Top Major Metro Area Great For College Grads

July 02, 2014

All the pieces seem to come together for one U.S. city when it comes to best places to live and work for recent college graduates.  Denver tops the charts in a number of key areas including, employment opportunities, wages, affordable housing and lifestyle for millennials looking to relocate right out of college. 


Excellent Prospects For Employment


For starters, the state of Colorado is one of only a handful of states in the nation to fully recover all of its jobs lost in the recent recession, coming in fourth in job growth for the country overall.  That’s not all.  According to Nathan Kelley, economist for Moody’s Analytics, Colorado wages are 18 percent higher than the nation’s average.


The state continues to expand in a variety of industries including construction, aerospace, energy and tech-related fields.  Many science and tech-based jobs are growing and require entry-level college graduates to fill positions.  While recent grads will obviously have to find the right match for their particular skill set, according to Moody’s director, Steven Cochrane, “The broad economic environment ought to be pretty good.”


While the West appears to be growing the fastest for jobs available in a particular region, Colorado specifically has worked to attract major companies to the area including DaVita, Arrow Electronics and Redwood Trust who’ve created thousands of new, high paying positions.  "There are a lot of things going for Denver that are really putting it ahead of the pack," added Moody’s economist.


Affordable Housing put Denver in the number one spot for "Top 10 Best Cities for Recent College Graduates."  While cities ranked based on employment, wages, career potential, affordability and “city scene”, Denver was also chosen for the top spot based on the city’s unemployment rate, (under seven percent) and the cost of a one-bedroom apartment, (below 25 percent of an earner’s gross median income).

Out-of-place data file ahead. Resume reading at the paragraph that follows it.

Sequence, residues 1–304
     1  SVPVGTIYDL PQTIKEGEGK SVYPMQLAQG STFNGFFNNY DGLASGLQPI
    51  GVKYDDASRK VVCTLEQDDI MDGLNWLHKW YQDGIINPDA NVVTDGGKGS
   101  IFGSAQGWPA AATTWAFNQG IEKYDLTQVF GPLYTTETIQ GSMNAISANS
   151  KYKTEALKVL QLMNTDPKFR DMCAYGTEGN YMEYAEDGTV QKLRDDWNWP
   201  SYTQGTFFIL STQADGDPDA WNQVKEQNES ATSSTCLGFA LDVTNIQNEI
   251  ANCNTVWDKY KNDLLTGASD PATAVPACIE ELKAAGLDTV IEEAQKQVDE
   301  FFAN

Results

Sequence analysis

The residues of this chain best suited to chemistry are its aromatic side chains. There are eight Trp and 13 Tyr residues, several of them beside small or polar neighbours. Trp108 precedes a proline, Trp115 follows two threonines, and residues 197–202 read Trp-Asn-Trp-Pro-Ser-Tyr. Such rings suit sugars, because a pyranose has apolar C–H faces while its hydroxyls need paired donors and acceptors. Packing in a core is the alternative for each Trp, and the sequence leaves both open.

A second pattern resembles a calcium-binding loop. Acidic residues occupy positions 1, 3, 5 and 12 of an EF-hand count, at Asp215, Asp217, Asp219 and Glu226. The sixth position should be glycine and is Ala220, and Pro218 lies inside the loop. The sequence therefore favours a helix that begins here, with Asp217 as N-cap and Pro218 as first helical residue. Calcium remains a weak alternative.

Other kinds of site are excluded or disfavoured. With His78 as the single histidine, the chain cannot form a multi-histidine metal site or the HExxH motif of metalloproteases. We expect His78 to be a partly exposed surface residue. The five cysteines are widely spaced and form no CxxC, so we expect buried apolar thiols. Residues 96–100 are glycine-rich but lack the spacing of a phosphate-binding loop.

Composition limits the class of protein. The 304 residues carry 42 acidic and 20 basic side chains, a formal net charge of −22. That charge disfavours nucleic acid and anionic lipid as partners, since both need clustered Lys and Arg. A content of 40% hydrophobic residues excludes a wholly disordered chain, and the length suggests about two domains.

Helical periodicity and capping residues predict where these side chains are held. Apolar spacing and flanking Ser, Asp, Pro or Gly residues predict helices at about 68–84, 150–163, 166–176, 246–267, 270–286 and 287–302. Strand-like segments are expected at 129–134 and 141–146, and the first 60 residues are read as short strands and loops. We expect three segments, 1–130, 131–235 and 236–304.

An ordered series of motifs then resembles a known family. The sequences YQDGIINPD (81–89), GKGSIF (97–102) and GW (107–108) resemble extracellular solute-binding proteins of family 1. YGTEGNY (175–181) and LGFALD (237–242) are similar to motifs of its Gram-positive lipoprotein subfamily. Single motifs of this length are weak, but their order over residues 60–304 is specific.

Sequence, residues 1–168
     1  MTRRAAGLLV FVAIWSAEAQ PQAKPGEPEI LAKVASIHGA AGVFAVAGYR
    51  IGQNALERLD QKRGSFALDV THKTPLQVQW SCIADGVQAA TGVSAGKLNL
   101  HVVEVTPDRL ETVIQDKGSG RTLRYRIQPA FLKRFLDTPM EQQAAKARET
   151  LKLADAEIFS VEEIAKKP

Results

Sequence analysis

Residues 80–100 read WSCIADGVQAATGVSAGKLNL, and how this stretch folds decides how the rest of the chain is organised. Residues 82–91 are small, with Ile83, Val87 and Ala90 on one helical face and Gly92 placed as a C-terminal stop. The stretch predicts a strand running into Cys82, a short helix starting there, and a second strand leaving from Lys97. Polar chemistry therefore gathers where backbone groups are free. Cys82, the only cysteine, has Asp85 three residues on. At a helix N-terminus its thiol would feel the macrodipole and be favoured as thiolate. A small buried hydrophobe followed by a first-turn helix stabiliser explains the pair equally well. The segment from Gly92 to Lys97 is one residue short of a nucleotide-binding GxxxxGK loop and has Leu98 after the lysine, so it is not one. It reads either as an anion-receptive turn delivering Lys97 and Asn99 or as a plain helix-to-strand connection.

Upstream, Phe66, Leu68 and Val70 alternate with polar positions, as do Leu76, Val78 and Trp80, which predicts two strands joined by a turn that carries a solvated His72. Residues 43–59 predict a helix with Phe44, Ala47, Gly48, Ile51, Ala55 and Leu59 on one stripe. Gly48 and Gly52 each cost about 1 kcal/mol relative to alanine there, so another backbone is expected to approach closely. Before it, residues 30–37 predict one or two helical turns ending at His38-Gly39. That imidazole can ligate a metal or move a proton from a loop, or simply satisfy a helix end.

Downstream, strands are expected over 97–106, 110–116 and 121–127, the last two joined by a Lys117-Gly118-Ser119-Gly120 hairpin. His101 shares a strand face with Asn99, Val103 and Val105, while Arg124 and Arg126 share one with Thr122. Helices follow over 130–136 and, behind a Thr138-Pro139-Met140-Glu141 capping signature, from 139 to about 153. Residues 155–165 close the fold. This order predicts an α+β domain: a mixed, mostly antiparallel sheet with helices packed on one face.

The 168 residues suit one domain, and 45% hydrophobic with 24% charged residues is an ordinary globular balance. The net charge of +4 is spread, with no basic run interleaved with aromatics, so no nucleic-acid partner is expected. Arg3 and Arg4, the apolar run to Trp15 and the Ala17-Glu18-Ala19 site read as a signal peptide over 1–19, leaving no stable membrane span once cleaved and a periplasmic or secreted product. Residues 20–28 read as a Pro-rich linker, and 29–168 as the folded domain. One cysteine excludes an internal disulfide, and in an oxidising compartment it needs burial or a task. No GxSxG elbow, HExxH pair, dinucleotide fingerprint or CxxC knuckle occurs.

The affordability factor that affected the top ranking for recent college grads includes the price of a one-bedroom rental of about $1,248 per month based on a median annual income of $64,267.  With unemployment scarcely breaking 4.3 percent and the median age of residents at 31.5, the city is an attractive choice for recent college grads.  In fact, for the past few years the state of Colorado has ranked fourth among the states with the youngest population (ages 25-29).

Ryan McMaken, economist for the Colorado Division of Housing warns against unrealistic expectations however.  "If you are expecting to move here and get a one-bedroom apartment and live on your own, unless you have a pretty decent job, that probably is not realistic".  The average college grad, just out of school will have to make no less than $47,500 a year to be able to comfortably afford a one-bedroom apartment he points out.


That’s not going to be a problem for most up and coming residents with degrees in technical fields and computer science according to Moody’s Nathan Kelley.  Much of the demand for employees in Denver is directed toward these fields with starting salaries well above numbers needed to make a go of it in Denver’s metropolitan area.


Josh Wright, data analyst for EMSI, a labor market and economic data firm points out that Denver employs 24 percent more workers in positions that require special technical training or a college degree than the national average.  This puts Denver seventh among 50 metro areas in the nation and just behind San Jose, Washington, D.C., Boston, San Francisco, Seattle and Austin.  The company, EMSI projects about 12, 687 skilled jobs will be added in 2014 to the Denver metro area as well.  Software development, accounting, computer analysis and civil engineering are among the top fields where many highly skilled, well-educated employees will make high wages.



Skilled Labor Positions


The demand for precision machining capabilities has grown recently and companies are finding it more and more difficult to find a pool of skilled employees to choose from.  As companies begin to move manufacturing jobs back to the U.S., Denver area colleges including Front Range Community College work to provide programs that train individuals for specific jobs in the area as well.  Mold makers/machinists are  highly sought after according to senior manufacturing engineer, Larry Hartman of Mountainside Medical that manufactures surgical instruments.  Positions such as these will continue to bolster an already strong workforce in the Denver metro area.